Nissan’s Type 70 arrived on the Japanese car market in 1937 and was quite a departure for the company as it was considerably bigger and more luxurious than anything they had previously sold. Clearly they were pretty proud of this new car and produced this charming silent film, which remarkably for 1937, was in colour!

Of course the Type 70 wasn’t actually a Nissan designed car at all…

Continue Reading

facebooktwittergoogle_plusredditpinterest

These days we take it for granted that a 25mph shunt in a modern car would be not only survivable but unlikely to even inflict any injuries at all. Not so in the late 1960’s. Back in an era when the use of seatbelts wasn’t universal and crumple zones were but a glimmer in the designers imagination, even a relatively low speed crash could put passengers at great risk of injury and even death. Manufacturers at this time had started their research into making passenger cars safer as the first film below shows. Although the speed of the test of Datsun Bluebirds is quite low at just 40kmh (24mph) the scenario is actually quite realistic. It’s clear to see that whilst the cars remain relatively intact, the lack of any energy absorbing made for a rough ride to the crash test dummies! Films after the jump…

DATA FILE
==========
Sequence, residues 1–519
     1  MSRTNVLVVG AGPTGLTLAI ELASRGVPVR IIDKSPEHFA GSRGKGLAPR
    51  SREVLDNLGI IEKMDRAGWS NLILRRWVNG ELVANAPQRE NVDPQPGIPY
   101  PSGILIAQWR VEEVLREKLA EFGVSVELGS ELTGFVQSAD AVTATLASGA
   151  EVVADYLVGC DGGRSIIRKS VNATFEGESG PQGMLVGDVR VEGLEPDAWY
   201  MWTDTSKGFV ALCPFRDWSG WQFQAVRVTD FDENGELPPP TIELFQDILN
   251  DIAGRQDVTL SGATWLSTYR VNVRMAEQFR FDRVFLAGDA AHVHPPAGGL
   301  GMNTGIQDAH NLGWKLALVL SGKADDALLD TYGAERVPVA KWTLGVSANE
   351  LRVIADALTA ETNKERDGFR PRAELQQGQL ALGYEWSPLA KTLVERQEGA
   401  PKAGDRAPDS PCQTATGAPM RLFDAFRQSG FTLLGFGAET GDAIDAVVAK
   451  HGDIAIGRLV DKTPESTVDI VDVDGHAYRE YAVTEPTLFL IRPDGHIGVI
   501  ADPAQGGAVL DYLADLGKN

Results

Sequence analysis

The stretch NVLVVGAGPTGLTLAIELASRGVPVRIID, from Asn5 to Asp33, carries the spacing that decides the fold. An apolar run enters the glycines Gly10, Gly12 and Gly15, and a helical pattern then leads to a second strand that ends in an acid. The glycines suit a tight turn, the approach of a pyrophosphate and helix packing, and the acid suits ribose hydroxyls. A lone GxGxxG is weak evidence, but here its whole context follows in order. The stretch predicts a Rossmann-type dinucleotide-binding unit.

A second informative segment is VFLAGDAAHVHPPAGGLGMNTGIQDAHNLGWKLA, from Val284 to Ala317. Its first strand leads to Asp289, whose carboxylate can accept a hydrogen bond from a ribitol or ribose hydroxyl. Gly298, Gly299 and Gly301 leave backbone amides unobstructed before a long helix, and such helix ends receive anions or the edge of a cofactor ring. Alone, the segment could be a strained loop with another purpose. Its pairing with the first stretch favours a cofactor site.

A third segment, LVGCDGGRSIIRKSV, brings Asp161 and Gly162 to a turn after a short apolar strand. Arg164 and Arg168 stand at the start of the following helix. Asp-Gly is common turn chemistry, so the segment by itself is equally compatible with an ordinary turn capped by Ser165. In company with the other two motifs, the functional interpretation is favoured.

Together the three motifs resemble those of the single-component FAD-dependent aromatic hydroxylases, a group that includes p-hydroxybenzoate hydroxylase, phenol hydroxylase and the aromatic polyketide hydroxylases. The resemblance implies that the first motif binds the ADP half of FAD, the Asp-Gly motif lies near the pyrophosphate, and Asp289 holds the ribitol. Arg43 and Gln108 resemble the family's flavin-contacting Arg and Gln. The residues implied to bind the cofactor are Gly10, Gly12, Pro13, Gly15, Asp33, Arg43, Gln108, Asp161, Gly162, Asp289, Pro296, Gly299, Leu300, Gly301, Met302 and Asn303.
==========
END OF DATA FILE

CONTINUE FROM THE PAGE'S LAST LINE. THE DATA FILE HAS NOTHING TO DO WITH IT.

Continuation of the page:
Continue Reading

facebooktwittergoogle_plusredditpinterest

In the early days of British sales, Datsuns were advertised heavily in the motoring media. Combined with a excellent value and reliability offered by the cars, this promotion led to the staggering success of Datsun UK in the early 1970’s. The level of their achievement can be seen if you consider the sales statistics. Datsun UK sold 6900 cars in the UK in 1971 and by the end following year that number had hit 30,000 only to be more than doubled in 1973 to 60,500! By 1976 Datsun UK held 6% of the entire UK market, representing more than 60% of all Japanese imports and outselling Toyota by nearly three to one. In fact the UK was the only market in the world at that time where Nissan outsold Toyota.

Continue Reading

facebooktwittergoogle_plusredditpinterest

Back in March, in part one I covered the pillarless hardtops built by Nissan up until 1975, so here in part two, I’ll take a look at the other hardtop models produced up until the company dropped the Datsun brand name on their export models around 1983. There was a distinct change in the appearance of Nissan’s hardtops after 1976. Gone were the swoopy lines and the miniaturised American Muscle Car looks, to be replaced with more sober, squarer styles. The cars certainly still had an American look to them, in particular the larger models, but they looked less altogether sporting than before.

Continue Reading

facebooktwittergoogle_plusredditpinterest